Children and teens who text do what they always do—connect online and through different apps and on their phones. If you have ever watched children on their cellphones when they are together sitting side-by-side in the same room, you have probably noticed that they don’t interact other than tapping out texts. All that connecting fills time, maintains peer friendships and helps to keep your child busy and not focused on coronavirus fears and worries that are inescapable on the news.

Loosen Your Watchful Eye

In one sense, the only child is accustomed to having attention focused on him and that factor alone may make it easier to live in protracted close proximity 24/7. However, if your only child didn’t like being the center of attention before social distancing, she will probably like it less now.

Many parents of only children admit to doing too much of what an only child could and should be doing. Social distancing is an opportunity to pull back and to give your only child more responsibility. Put an older only in charge of the laundry or making dinner a certain number of days of the week or vacuuming. You’ll be surprised at how quickly a child—even one who complains—begins to feel good about contributing to the family. Pitching in serves a reminder that your child is part of a family and does not need to be the center of attention at all times.

Widen Your Only Child’s World

Unless you have an infant or toddler, your child will remember sheltering-in-place. Encourage empathy and tighten connections to family and close friends. Make a practice of video chats or FaceTime calls with your child’s grandparents, aunts, uncles and cousins. This helps to remind the only child of her wider support network and can bring her closer to family members beyond you.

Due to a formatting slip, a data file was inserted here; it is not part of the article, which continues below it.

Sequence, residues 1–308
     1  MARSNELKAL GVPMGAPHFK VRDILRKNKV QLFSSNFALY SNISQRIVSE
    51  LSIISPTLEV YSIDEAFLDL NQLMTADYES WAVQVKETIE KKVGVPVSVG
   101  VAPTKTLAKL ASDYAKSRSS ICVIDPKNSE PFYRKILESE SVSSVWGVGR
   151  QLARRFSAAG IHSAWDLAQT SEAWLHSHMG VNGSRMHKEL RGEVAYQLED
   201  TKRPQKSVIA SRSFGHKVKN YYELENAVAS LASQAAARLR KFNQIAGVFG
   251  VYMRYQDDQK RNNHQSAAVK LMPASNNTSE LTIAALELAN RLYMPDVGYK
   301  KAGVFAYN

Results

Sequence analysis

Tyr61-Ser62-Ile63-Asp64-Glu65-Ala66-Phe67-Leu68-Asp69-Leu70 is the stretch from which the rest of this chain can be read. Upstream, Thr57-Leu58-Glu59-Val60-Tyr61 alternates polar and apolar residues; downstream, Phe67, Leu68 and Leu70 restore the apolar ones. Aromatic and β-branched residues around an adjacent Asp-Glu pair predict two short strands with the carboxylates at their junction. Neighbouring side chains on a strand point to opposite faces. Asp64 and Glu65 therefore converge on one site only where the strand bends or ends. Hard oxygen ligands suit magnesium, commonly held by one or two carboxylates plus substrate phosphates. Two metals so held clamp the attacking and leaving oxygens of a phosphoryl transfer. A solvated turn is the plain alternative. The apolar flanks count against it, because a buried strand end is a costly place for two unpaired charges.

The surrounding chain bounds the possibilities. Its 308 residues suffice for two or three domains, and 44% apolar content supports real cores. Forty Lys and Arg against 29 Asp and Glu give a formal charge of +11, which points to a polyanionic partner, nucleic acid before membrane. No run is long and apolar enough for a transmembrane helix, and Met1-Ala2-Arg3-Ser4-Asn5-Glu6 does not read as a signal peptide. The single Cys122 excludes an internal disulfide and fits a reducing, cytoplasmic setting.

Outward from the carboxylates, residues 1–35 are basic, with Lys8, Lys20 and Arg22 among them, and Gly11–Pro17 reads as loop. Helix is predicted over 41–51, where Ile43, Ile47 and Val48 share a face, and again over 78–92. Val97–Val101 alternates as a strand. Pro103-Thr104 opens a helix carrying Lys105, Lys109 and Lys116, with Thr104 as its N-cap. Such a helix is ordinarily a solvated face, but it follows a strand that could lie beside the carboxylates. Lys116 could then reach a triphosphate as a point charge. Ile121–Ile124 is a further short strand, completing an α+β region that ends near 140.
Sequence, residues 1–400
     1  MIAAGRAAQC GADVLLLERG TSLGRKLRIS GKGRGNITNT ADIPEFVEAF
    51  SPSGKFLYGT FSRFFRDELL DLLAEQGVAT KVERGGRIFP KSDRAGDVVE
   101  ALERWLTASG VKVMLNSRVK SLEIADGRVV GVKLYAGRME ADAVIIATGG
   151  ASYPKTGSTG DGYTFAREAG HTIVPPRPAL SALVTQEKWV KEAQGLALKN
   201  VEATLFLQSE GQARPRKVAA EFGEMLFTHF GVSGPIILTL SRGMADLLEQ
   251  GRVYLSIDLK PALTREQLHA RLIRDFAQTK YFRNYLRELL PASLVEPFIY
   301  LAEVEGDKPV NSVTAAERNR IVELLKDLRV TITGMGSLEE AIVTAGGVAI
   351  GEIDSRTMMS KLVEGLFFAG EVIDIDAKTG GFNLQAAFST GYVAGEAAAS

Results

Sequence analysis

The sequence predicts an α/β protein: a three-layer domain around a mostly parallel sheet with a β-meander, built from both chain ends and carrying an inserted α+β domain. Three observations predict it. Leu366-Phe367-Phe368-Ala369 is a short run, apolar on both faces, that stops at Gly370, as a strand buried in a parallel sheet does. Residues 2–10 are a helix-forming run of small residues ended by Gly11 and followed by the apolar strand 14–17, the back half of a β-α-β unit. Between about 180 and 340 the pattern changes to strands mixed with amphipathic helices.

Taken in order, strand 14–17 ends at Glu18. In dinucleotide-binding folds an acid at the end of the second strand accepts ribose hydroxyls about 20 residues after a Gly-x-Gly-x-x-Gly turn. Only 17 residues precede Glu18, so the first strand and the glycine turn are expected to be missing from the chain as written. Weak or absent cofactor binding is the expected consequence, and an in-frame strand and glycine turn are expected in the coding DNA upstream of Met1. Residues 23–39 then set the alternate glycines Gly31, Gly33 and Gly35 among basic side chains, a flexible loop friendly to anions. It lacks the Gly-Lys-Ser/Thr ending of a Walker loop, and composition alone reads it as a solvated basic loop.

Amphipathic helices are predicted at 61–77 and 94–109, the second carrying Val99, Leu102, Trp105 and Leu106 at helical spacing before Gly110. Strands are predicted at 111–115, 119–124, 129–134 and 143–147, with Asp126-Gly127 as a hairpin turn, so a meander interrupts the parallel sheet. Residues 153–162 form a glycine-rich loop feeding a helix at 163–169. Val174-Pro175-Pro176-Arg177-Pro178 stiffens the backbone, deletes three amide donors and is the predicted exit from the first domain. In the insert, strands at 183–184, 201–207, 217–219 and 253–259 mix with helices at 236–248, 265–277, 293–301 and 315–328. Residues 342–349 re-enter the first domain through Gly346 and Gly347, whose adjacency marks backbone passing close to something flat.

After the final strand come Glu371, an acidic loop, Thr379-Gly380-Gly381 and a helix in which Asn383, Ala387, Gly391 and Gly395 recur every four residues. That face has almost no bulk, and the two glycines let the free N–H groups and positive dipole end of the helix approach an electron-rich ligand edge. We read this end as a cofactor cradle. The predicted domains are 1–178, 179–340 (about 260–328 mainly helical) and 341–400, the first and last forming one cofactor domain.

Volunteer in ways that involve your child. Shop for elderly neighbors and have your child come with you when you leave the groceries at their doors. Talk about where donations are needed and donate if you can. Ask your only to call her grandparents or someone in the family who may be struggling to see how they are doing every few days. Come up with caring gestures that will remain in place long after the pandemic.

Build on Your Close Bond

Studies dating back to 1978 and more recent ones indicate that only children tend to be closer to their parents than children with siblings. Take advantage of social distancing to build on that bond: Add to your child’s memory bank by starting a new tradition around something your family has not done before—learn to play chess, bridge, backgammon or another game neither parent nor child has ever played. Try baking different kinds of bread or start a new type of exercise program you can all do.

Because of the parent-only child tight bond, many only children are alert to and sensitive to their parents’ feelings and attitudes. Lacking siblings to divert or diffuse parental worries, be mindful of keeping your stress and anxiety in check to avoid your only child absorbing it and carrying burdens that are not commiserate with her age.

Copyright @2020 by Susan Newman

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Facebook image: zEdward_Indy/Shutterstock

References

Downey, Douglas B. and Benjamin G. Gibbs. (2020) “Kids These Days: Are Face-to-Face Social Skills among American Children Declining?” American Journal of Sociology, 2020; 125 (4): 1030 DOI: 10.1086/707985

Kidwell , Jeannie S. (1978) “Adolescents' Perceptions of Parental Affect: An Investigation of Only Children vs. Firstborns and the Effect on Spacing.” Journal of Population Vol. 1, No. 2 pp. 148-166

Newman, Susan. (2011). The Case for the Only Child: Your Essential Guide. Florida: Health Communications, Inc.

Roberts, Lisen C. and Blanton, Priscilla White. (2001). “I Always Knew Mom and Dad Loved Me Best: Experiences of Only Children,” Journal of Individual Psychology, Vol. 57, No. 2, 125–140.